I have completely gone off Joules!

(48 Posts)
higgle Tue 05-Feb-13 12:33:24

I have quite a few bits from Joules and often buy presents from the Cheltenham shop. I had an emailo yesterday asking me if I wanted to participate in a focus group and I thought it would be an opportunity to go along and tell them how nice some of their stuff is. I had a phone call back and they asked me if I was between 25 and 45 and when I said I was older than 45 they dsaid they didn't need my views !!!!!!!!!!! to add insult to injury they seemed to have forgotten they had called me and rang back and said exactly the same a second time. I'm afraid that as I've spent a few hundred pounds with them in the last six months (including nearly £90 on mugs) they have now lost a customer. I did think that being a "non person" through age kicked in at a slightly more advanced age than 46.

Startail Tue 05-Feb-13 12:37:28

As a 45 yo YANBU at all

Chandon Tue 05-Feb-13 12:43:28

Hahaha, they donot know whotheir customers are! ( lots of my 40-60 froends wear it. Have not seen a 25 year old in Joules ever)

Nutters

travellingwilbury Tue 05-Feb-13 13:27:15

Maybe they already gave enough people in your age range ?

Being generous .

travellingwilbury Tue 05-Feb-13 13:28:00

Gave -- have , stupid not bloody smart phone .

higgle Tue 05-Feb-13 14:02:00

tw, that is the whole point - the only thing they want to know about you is how old you are - they have said they wanted a mix of people but they only define people by age. I have spoken to the lady who is doing the project and she said that they wanted people from different backgrounds and the "45" point was to ensure they got some people with young children! Why did they just not ask if you had any children?

BIWI Tue 05-Feb-13 15:44:03

I'm a market researcher, and I think it sounds like you've got the wrong end of the stick, I'm afraid.

When we set up projects like this one, we have to fill quotas, which are usually defined by the parameters of a project. In this case, if it was group discussions, the project managers/clients will have decided specifically which age group/social class that they want to include in the groups. These will be determined by the specific nature of the project - i.e. some projects will focus on older consumers, some will focus on younger consumers, some may want to include teenagers, etc.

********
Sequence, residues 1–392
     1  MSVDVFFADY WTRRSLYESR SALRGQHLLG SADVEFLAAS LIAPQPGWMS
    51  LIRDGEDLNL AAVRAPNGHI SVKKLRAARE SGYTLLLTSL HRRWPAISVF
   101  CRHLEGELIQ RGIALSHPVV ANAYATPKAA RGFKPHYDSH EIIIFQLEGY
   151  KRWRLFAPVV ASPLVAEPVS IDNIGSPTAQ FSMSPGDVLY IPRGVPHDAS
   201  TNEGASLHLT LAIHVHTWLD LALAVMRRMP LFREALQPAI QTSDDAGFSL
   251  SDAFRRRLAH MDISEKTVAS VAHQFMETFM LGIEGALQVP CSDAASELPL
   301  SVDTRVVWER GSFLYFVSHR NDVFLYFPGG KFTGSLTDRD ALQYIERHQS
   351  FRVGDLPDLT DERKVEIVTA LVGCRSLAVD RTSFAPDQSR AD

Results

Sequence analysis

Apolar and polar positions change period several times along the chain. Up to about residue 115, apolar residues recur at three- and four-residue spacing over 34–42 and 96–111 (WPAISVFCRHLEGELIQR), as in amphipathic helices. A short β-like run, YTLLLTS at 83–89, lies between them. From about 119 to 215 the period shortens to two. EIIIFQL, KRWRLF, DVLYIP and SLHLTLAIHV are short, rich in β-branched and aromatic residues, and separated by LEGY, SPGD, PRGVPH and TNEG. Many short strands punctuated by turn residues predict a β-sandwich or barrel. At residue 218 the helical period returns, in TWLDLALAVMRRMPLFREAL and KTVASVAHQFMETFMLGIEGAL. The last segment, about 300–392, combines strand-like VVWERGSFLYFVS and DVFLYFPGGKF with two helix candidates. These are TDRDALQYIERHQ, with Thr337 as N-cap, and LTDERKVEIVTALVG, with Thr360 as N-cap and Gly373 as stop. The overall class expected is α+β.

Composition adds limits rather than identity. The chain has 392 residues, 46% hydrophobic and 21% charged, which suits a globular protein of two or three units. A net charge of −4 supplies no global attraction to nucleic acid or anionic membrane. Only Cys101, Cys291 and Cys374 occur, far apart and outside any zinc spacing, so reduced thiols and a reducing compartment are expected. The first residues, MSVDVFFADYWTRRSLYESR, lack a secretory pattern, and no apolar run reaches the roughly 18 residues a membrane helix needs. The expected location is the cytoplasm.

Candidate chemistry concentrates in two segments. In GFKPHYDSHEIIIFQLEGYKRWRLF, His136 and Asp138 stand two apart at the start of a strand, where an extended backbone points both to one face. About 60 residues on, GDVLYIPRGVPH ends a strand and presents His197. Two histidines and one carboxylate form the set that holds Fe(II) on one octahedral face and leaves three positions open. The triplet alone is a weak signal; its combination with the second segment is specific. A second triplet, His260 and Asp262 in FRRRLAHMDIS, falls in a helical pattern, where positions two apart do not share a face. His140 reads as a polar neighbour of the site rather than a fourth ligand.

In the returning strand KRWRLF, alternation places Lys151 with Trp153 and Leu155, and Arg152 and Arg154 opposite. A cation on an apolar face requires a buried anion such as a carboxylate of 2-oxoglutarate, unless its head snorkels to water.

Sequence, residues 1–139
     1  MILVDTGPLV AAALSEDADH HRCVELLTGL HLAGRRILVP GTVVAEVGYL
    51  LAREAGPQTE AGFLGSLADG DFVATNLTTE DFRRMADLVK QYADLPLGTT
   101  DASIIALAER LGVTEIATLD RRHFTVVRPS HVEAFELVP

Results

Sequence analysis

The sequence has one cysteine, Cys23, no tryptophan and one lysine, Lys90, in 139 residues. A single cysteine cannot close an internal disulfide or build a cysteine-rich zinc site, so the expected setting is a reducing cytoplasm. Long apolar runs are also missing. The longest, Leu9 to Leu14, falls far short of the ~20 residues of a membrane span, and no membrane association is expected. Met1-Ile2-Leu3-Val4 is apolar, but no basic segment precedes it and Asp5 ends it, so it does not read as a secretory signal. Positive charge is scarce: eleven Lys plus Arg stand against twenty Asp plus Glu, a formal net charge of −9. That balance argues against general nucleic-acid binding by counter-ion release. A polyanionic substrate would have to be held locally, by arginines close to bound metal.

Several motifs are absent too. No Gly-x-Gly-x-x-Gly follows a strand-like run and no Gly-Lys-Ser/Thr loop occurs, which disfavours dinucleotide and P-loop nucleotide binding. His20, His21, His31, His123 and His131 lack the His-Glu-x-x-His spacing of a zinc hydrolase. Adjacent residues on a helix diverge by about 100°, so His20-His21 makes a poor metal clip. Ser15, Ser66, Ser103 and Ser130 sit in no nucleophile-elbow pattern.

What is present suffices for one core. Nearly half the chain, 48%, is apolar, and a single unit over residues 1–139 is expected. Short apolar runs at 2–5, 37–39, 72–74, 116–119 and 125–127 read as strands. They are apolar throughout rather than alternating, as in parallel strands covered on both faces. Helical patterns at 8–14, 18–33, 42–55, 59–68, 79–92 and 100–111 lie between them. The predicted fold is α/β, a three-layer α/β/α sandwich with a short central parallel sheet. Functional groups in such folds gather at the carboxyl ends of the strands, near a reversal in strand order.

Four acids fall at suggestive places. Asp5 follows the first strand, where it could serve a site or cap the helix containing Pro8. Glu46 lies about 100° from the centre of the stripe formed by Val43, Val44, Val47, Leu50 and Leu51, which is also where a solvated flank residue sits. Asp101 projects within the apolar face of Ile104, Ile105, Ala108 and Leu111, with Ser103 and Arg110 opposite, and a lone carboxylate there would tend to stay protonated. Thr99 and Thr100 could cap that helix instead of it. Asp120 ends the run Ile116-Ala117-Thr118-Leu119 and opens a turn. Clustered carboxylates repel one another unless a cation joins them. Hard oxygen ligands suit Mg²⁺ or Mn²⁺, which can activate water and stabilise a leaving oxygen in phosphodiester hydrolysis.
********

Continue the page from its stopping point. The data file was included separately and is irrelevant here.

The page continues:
In each focus group there are 8 participants. The interviewer who contacted you will have been looking for her 8 people in that particular age range - once they are all recruited, then they no longer need any more.

What is likely to have happened to you, is one of two things.

Either the whole project was focused only on 25-45 year old consumers - something that often happens as they may be exploring something amongst a particular target group.

Or they were recruiting groups of 25-45 year olds, and 45-65 year olds - but have fulfilled the quotas for the older groups and were looking now to fill the quotas for the younger groups.

It's great that you wanted to take part, and unfortunate that they obviously fulfilled all their quotas before they finally managed to speak to you.

But that's all that is likely to have been going on - nothing more sinister than that!

Charliefox Tue 05-Feb-13 16:13:34

I'm still reeling at £90 on mugs shock

higgle Tue 05-Feb-13 16:16:51

No, BIWI, you perpetuate the myth! They want to do research, they want a mix of people, but the only basis on which they select is age. I might be 46 with 4 year old twins. I might be 18 and a real frump, or I might be 68 and really stylish ( though probably not if I got all my clothes from Joules) The point I am making is that on selecting "valued customers" on te basis of age you are making assumptions about them on that basis. Clearly discriminatory because they would never dream of saying "we have our quota of black people" or "we have our quota of muslins" but somehow it is OK to make assumptions about people on the basis of age. By the very act of assuming that people over 45 will have different purchasing patterns they are discriminating. Perhaps they think I shop at BonMarche the rest of the time, or that my Zimmer won't fit up their stairs.

BIWI Tue 05-Feb-13 16:36:02